Recommends
    Negative Outlook
    Approves of CEO

    Pros

    The people. YESCO has a great staff of employees

    Cons

    Every changing guidelines, rules and boundaries. Management not required to follow

    Advice to Management

    Be a leader by your actions, not your words


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  5. Helpful (1)

    "Yesco"

    Star Star Star Star Star
    • Work/Life Balance
    • Culture & Values
    • Career Opportunities
    • Comp & Benefits
    • Senior Management
    Former Employee - Anonymous Employee in Logan, UT
    Former Employee - Anonymous Employee in Logan, UT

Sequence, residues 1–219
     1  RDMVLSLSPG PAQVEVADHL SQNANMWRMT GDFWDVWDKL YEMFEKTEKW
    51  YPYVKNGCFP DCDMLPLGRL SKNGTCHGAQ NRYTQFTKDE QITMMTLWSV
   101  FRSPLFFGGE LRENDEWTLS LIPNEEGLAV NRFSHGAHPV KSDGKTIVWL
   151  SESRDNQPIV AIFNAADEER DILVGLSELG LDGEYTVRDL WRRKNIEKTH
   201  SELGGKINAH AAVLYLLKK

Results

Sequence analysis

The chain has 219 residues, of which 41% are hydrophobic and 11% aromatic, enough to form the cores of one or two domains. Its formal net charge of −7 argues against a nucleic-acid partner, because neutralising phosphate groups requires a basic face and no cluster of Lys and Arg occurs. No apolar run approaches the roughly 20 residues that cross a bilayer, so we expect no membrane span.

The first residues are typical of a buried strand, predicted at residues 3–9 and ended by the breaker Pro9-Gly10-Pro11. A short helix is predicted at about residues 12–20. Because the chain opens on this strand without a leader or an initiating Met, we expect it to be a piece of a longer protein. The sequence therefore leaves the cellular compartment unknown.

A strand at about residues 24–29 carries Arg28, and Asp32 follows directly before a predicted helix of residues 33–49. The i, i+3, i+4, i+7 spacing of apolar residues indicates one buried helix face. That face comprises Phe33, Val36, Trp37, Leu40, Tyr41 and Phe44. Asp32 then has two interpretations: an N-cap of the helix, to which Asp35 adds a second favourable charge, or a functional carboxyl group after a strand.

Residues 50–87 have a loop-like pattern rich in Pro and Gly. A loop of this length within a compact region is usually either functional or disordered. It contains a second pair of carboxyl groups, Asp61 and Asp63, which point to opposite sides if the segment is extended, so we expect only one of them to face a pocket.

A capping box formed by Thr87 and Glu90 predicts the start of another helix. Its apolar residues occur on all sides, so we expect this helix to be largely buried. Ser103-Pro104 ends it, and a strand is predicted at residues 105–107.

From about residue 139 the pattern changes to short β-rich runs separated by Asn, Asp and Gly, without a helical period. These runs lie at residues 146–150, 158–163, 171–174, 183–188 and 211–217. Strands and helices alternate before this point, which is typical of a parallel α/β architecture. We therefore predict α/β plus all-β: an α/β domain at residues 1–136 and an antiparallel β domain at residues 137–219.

Doesn't Recommend
    Negative Outlook

    I worked at YESCO full-time (More than a year)

    Pros

    It is a good company overall. They try to provide you with tools needed to do you the job. Most the people there are friendly.

    Cons

    Often you are expected to do things with little or no training. They do not want to pay much but that is a Utah issue. Breaks are short and limited. Often hours are long with mandatory overtime not preannounced.

    Advice to Management

    Take care of your employees they are your greatest asset. Try to be more understanding of their issues and needs. Also, train them rather than throwing something at them and expecting then to just figure it out.


  6. Helpful (4)

    "NIce People, Kind of a Mess"

    Star Star Star Star Star
    • Work/Life Balance
    • Culture & Values
    • Career Opportunities
    • Comp & Benefits
    • Senior Management
    Former Employee - Artist in Las Vegas, NV